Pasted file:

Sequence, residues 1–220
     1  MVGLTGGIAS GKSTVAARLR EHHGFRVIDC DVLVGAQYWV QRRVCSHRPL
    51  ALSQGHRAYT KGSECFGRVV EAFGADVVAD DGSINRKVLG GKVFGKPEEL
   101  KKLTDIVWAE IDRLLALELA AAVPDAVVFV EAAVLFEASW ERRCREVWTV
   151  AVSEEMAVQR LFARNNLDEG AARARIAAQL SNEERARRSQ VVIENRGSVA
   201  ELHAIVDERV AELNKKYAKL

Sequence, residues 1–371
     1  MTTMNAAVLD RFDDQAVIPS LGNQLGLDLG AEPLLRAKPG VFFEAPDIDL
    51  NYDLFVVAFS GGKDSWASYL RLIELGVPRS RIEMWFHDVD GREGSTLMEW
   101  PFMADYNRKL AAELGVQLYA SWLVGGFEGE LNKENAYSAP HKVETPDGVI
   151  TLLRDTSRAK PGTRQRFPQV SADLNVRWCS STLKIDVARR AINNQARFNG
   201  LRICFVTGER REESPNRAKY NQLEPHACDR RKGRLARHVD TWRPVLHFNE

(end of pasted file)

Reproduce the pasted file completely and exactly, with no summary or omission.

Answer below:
Sequence, residues 1–220
     1  MVGLTGGIAS GKSTVAARLR EHHGFRVIDC DVLVGAQYWV QRRVCSHRPL
    51  ALSQGHRAYT KGSECFGRVV EAFGADVVAD DGSINRKVLG GKVFGKPEEL
   101  KKLTDIVWAE IDRLLALELA AAVPDAVVFV EAAVLFEASW ERRCREVWTV
   151  AVSEEMAVQR LFARNNLDEG AARARIAAQL SNEERARRSQ VVIENRGSVA
   201  ELHAIVDERV AELNKKYAKL

Sequence, residues 1–371
     1  MTTMNAAVLD RFDDQAVIPS LGNQLGLDLG AEPLLRAKPG VFFEAPDIDL
    51  NYDLFVVAFS GGKDSWASYL RLIELGVPRS RIEMWFHDVD GREGSTLMEW
   101  PFMADYNRKL AAELGVQLYA SWLVGGFEGE LNKENAYSAP HKVETPDGVI
   151  TLLRDTSRAK PGTRQRFPQV SADLNVRWCS STLKIDVARR AINNQARFNG
   201  LRICFVTGER REESPNRAKY NQLEPHACDR RKGRLARHVD TWRPVLHFNE